Education and preparedness are key. I learned this when working with a Disaster Recovery team, writing manuals. Not that I'm all that prepared, but I'm pretty sure the first thing I'd grab at home would be the dog.

AC said...

I can't imagine what his family must be going through. It is good, though, to see how supportive the blog community is.

Fire scares me, too. When my younger sister and I were little, we were staying at my grandparents' house the night it burned down. My grandfather was out of town, and my aunt who lives with them has cerebral palsy. My grandmother got all of us out ok but the house was completely lost. Growing up after that I used to obsess about what would happen if our house burned down and what I would take with me if I could. Now as long as my family (and the cats) are safe, I think that's all that would matter to me.

Susan Adrian said...

Thanks, Janet!! Travis is good people. Thank goodness his family is all safe, but the donations will help a lot!

FIONA said...

This is why I love the writing community.

I'll put a link on my blog, and get my sons to help me pick out something to send.

Thanks for the heads-up.

Janet said...

A lady I know who lost her home to fire TWICE says she most misses the photo albums. Everything else can be replaced. Of course, she wasn't a writer.

I keep a backup at my in-law's place, where I visit once a week. I swap it out every week, so the most I can lose is a week's work. Or would be, if I kept on top of it.

The Unbreakable Child said...

Fire. I've been in three. I'm terrified and have smoke detectors everywhere. I'm going to hop over to the blog and see if I can help. Thanks for the share.

ryan field said...

Thanks for posting about this.

Chumplet - Sandra Cormier said...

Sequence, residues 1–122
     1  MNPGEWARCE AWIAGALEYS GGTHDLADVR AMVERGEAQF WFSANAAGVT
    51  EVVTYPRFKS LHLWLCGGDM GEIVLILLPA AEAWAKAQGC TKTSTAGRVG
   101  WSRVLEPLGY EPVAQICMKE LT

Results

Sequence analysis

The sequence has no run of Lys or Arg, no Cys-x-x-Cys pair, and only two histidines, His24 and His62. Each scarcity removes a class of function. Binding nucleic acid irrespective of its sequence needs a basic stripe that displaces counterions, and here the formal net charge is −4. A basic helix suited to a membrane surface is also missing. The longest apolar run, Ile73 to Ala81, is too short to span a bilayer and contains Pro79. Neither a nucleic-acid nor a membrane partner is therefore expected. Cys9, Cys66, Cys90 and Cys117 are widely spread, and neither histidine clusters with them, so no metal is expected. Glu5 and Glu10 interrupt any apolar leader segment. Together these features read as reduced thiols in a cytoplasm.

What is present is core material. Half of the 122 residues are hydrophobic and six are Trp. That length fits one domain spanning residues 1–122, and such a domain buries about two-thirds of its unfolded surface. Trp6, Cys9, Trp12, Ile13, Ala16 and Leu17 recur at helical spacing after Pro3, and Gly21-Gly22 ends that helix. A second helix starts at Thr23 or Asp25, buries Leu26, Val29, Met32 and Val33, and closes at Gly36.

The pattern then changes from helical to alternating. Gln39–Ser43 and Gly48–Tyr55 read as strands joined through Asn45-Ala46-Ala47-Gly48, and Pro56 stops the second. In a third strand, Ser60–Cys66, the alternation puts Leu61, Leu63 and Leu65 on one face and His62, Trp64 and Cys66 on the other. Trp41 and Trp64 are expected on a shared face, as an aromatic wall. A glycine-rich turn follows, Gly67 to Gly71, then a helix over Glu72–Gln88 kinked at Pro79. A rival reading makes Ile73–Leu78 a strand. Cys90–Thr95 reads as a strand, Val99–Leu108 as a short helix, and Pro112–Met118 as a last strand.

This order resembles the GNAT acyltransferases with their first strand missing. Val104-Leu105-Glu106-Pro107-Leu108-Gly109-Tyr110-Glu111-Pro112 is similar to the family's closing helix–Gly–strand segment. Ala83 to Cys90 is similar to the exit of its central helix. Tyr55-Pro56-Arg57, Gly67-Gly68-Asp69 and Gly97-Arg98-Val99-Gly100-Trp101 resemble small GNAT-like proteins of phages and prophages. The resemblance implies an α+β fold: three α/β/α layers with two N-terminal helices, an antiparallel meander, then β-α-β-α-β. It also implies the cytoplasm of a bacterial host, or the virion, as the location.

I bought a brick when I first found out. I wish I could do more.

I once did a horse portrait for an old riding teacher, and he hung the painting in his living room. After he moved the painting to another part of the house, its original location burned down.

He was once a member of Her Majesty's Guard, and a huge print of the troupe was in an upstairs hallway, badly damaged. The insurance people did a fabulous job, tracking down the original artist who made an exact copy for him.

I would hate to lose my hundreds of photos and negatives, plus my own paintings.

At least I keep my manuscripts safely saved on a web server.

Amber Lynn Argyle said...

That's why I save my pictures online, and why I email myself copies of my MS.
The first thing I'd grab is my kids. After that, pictures and home movies. The rest can be replaced.

Sarah Jensen said...

My sick daughter is lying on the floor and I read her the story. She wants to send her story books that are in good condition.
My families house burnt down years ago, and even though we lost everything, no one was hurt. The wonderful community where my parents live helped out tremendously. I'm the second of 13 kids, so it was big news. Siblings had to stay with friends for a while. Someone put up two trailers on the property so that my family could stay there, "together" in the two trailers.
People pulled together to help my family. I'd love to help Travis's.

Travis Erwin said...

Thank you Janet. We are putting our lives back together and the pieces are much easier to mesh thanks to the support we've received from so many both locally and around the globe. It truly has been a comfort.